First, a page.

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Bela Lugosi portrayed Frankenstein’s in the 1943 move Frankenstein Meets The Wolf Man.

Universal Pictures/Hulton Archive/Getty Images

When I put Frankenstein on my first-year college class reading list, eyes rolled. Students often complain about the archaic language of the novel, which is celebrating its 200th birthday this year. But they eventually respond intensely to the story. One young woman told me it's "relatable." I wish I'd asked her whether it's the creature she relates to.

Literature profs live in hope that students will relate to something, and like many teachers, I've tried to show how the book is of its time, but fits ours too. This February, as I reread the book, I also watched the news about the shooting at Florida's Marjory Stoneman Douglas High School unfold. I was punched by the realization that the monster's vengeful rampage and its terrible effects are cousins to the devastation of a school shooting. Still for all his violence, the creature remains the heart of the book, the one you want to know and the one you pity. He's taken on fresh urgency in the year of #NeverAgain.

Since he was jolted into print, the nameless creature has grown into a rather large Rorschach blot. Interpretations are a dime a dozen: Critics have variously dubbed him a symbol of the French Revolution, slavery, abortion, a split atom or a robot. (Incidentally, I can't help seeing Guillermo del Toro's fish man in the Oscar-winning The Shape of Water as another stand-in.) Go back to the book, though, and you'll first find him peering through the bed-curtains at his creator – our title character has nodded off just after cracking the code of life. Reaching out, the creature made "inarticulate sounds, while a grin wrinkled his cheeks." It's no wonder many readers have also seen him as a kid in search of his deadbeat dad. And it's the monster's teenage qualities that make him more relevant than ever.

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Through the novel, the creature develops the raw realization that he's ugly, rejected and fits in nowhere. He oscillates between longing and rage; if there were doors to slam, he'd slam them. When he turns to carnage, he tells Victor Frankenstein he has no choice after being utterly abandoned. The book's epigraph, from John Milton, reads in part: "Did I request thee, Maker, from my clay / To mould me?" That's the cry of the adolescent: "I never asked to be born." Begging assistance from Victor Frankenstein, the creature cries, "[T]o whom could I apply with more fitness . . .?" But there is no one else, and no help from the adult world, which should know better.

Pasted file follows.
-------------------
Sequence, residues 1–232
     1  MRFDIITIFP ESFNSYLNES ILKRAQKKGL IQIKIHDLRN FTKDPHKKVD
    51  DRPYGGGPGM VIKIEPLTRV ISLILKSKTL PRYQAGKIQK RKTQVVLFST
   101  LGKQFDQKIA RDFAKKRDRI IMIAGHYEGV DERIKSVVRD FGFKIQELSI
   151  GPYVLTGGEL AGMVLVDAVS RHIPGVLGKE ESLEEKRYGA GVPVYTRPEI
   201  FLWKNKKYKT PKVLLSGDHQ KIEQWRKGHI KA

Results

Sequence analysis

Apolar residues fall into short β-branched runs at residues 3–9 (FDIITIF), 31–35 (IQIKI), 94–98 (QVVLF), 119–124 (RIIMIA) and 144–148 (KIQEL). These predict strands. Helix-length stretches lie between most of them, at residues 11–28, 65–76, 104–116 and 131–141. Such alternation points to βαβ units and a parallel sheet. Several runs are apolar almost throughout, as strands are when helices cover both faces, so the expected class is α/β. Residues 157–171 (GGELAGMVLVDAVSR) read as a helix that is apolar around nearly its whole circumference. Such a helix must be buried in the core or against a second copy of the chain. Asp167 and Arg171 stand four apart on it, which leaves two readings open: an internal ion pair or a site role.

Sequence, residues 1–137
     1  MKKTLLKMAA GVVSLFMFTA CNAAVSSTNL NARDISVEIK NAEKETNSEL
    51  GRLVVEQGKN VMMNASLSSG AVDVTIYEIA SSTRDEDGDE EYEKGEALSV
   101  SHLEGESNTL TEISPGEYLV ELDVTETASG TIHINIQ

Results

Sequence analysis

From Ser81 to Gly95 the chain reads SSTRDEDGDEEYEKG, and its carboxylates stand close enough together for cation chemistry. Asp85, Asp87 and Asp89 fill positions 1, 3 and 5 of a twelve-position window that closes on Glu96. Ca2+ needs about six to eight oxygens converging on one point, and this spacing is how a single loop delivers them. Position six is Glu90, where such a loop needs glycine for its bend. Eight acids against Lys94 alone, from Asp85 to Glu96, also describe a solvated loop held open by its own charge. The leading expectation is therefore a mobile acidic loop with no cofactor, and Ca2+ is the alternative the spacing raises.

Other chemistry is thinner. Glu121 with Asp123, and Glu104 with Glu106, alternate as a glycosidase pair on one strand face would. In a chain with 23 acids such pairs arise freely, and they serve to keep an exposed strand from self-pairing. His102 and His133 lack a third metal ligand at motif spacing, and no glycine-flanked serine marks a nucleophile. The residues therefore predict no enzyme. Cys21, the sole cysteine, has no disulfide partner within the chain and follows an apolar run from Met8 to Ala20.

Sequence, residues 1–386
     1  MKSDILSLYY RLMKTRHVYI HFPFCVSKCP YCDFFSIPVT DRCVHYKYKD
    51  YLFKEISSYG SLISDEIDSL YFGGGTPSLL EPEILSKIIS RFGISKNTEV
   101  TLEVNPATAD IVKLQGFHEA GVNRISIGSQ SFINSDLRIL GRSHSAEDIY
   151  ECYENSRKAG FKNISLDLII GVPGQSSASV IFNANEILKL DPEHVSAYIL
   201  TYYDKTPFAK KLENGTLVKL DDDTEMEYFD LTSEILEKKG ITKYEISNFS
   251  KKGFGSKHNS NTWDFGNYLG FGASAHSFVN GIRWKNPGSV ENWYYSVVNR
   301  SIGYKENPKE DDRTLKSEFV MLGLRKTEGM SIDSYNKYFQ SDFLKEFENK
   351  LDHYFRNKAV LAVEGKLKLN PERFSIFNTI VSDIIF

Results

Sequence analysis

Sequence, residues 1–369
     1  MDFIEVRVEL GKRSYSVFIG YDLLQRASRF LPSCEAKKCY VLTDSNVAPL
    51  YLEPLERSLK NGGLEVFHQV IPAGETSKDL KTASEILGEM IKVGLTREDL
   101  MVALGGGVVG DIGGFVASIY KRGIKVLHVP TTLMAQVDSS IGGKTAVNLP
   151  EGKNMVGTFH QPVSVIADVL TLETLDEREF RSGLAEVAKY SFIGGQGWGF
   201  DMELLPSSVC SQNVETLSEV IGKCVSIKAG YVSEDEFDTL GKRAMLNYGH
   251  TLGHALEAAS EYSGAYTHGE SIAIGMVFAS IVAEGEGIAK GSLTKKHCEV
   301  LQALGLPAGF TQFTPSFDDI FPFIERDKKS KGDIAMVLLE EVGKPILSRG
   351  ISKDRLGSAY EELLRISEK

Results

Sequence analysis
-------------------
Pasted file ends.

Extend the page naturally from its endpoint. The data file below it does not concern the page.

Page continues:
The survivors of the Florida high-school shooting have likewise begged for help with the #NeverAgain gun-control movement they've started. Several have become standout spokespeople, clapping back against flummoxed politicians who offer no more than the now horribly predictable "thoughts and prayers." The students' point is clear. Emma Gonzalez writes, "We are children who are being expected to act like adults, while the adults are proving themselves to behave like children." Her classmate David Hogg said similarly, "We are children. You guys are the adults. Work together, come over your politics and get something done." Like Mary Shelley's monster, pleading his creator for a mate and a peaceful exile in "the wilds of South America," the class of 2018 knows what it wants and sees how the future could be.

Shelley, often called the creator of science fiction, also saw into the future. She'd been through so much – the loss of her mother and first baby, as well as rejection by her father – and wrote with such startling force that it's easy to forget she was an adolescent too when she wrote Frankenstein. Lord Byron, host of that famously strange summer evening that inspired Shelley (when a group of friends and lovers "began to talk ghostly," as one put it), later mused that Frankenstein was "a wonderful book for a girl of 19 – not 19, indeed, at that time." The undertone there is a characteristic underestimation of what the young can do.

While Shelley's monster found no solace from his creator, the Florida students are, in a script change, doing it for themselves and I think Shelley would have cheered. Looking back on how she wrote her novel, the author recalled the stark dream that brought it to life: She envisioned the creature looking at his sleeping maker with "yellow, watery, but speculative eyes." It's the speculative that stands out. That's the way teenagers are looking at the grown-ups. The message is similar: You made this. What are you going to do about it?

Alix Hawley is the author of All True Not a Lie in It.

High school students converged on the White House on Wednesday as part of the National School Walkout protesting gun violence. Reuters
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